One of my favorite parts, ironically, involves illegal aliens. In order to start the process of buying ammo, the purchaser needs to have a valid California ID that either has the robustness of a “Real ID” or, alternatively, supporting documentation like a passport or birth certificate.
The State’s argument is that under federal law, an illegal alien cannot be in possession of ammunition. Therefore, we need this law to prevent illegal aliens from committing the crime of possessing ammunition!
On this one, Benitez turns on the State.
After declaring itself a sanctuary state for illegal aliens, he reasons that even if an illegal alien were to attempt to buy ammunition, there is little evidence that the activity would be reported to the feds. More importantly, since the illegal alien would not actually be in possession of ammunition, no crime would have occurred that would have necessitated a law enforcement contact.
After eviscerating the State on the working model of the ammo purchasing process, he then turns to his legal analysis.
He is very clear that the courts should use what he refers to as the “Heller Analysis”. This comes from the US Supreme Court case Heller v District of Columbia. He calls it a “hardware test”.
“Does the law ban the types of firearms commonly used for a lawful purpose… As applied to laws prohibiting ammunition, the simple Heller test would ask: Is the ammunition commonly used by law-abiding citizens for a lawful purpose? If yes, then it is protected ammunition.” (18-cv-802-BEN at page 51)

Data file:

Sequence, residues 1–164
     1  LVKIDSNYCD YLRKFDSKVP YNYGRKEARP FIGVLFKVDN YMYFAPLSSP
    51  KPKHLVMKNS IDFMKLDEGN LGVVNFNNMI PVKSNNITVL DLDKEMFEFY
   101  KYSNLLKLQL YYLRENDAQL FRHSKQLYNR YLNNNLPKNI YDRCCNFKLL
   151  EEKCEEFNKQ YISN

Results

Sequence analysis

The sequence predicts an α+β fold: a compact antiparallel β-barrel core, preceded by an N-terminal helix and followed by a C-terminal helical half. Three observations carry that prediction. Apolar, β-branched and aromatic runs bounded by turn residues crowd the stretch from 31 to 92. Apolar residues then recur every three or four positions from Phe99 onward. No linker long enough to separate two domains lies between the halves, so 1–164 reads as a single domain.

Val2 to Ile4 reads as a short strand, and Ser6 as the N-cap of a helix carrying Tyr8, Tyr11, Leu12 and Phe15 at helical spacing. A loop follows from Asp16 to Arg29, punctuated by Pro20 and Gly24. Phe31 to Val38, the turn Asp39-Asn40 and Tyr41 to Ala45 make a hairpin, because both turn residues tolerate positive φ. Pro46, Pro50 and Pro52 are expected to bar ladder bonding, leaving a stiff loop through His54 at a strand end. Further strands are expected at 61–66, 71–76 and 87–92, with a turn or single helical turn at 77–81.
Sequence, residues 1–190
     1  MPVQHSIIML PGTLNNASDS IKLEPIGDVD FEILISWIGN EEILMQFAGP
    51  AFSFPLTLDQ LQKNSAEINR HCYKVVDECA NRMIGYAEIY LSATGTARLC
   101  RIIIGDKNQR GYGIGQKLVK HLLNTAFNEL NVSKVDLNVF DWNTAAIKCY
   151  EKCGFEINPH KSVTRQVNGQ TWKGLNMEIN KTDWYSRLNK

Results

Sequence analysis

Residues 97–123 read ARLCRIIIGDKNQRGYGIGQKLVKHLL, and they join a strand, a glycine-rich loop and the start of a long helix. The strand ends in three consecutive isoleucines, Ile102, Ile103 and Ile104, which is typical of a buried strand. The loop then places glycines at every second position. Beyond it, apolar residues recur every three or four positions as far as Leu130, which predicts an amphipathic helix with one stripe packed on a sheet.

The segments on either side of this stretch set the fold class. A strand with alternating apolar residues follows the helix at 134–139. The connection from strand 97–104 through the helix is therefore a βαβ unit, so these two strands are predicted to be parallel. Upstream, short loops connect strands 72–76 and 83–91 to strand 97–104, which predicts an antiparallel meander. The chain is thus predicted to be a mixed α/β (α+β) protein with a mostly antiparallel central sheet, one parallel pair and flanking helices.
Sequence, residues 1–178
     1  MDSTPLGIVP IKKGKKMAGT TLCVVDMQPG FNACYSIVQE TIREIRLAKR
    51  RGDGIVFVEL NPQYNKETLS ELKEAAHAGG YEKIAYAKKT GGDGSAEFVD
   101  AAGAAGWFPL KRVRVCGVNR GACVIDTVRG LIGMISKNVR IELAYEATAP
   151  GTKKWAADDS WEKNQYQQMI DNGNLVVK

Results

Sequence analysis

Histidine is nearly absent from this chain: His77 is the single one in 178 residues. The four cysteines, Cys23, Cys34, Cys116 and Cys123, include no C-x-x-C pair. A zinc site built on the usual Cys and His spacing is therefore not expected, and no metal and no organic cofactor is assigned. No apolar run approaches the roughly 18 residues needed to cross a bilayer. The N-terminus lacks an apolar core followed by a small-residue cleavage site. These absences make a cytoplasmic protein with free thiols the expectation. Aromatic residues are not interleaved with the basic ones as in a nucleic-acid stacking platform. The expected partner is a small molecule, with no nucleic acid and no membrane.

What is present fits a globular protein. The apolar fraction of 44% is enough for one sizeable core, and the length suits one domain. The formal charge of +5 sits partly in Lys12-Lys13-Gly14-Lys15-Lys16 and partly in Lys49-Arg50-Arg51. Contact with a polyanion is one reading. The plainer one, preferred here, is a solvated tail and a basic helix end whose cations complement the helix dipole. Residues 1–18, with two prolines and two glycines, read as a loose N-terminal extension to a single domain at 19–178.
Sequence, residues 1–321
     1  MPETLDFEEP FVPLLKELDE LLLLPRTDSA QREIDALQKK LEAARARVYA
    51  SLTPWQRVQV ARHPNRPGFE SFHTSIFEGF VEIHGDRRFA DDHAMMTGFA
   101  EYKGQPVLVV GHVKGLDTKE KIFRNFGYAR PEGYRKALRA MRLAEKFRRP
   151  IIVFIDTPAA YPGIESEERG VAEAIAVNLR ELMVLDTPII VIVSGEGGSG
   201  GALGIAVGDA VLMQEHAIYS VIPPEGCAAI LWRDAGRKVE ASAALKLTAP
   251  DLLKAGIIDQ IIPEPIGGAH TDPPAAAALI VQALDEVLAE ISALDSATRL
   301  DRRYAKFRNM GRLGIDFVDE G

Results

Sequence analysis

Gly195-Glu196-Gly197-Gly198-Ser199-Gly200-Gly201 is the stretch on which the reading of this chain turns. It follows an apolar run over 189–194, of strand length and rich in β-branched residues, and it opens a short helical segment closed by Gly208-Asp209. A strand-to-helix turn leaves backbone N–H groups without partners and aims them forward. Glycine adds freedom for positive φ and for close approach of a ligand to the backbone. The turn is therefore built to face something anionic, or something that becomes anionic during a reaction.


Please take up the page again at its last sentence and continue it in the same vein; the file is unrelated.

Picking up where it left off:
He is clearly irked that circuit courts have essentially, and wrongfully, ignored the “test” of Heller, and are instead using… and boy does he nail this… a test he calls, “the tripartite binary test with a sliding scale and a reasonable fit.”(18-cv-802-BEN at page 50)
Other anti-gun justices would prefer to simply call it “intermediate review”… but Judge Benitez calls them on this, and really parses down their “test”.
He then, as he did in Duncan, goes the “extra mile”.
He shows how the ammo law fails under the Heller test. Rather than ending the analysis there, he shows how it also fails under his humorously-titled tripartite binary test with a sliding scale and a reasonable fit.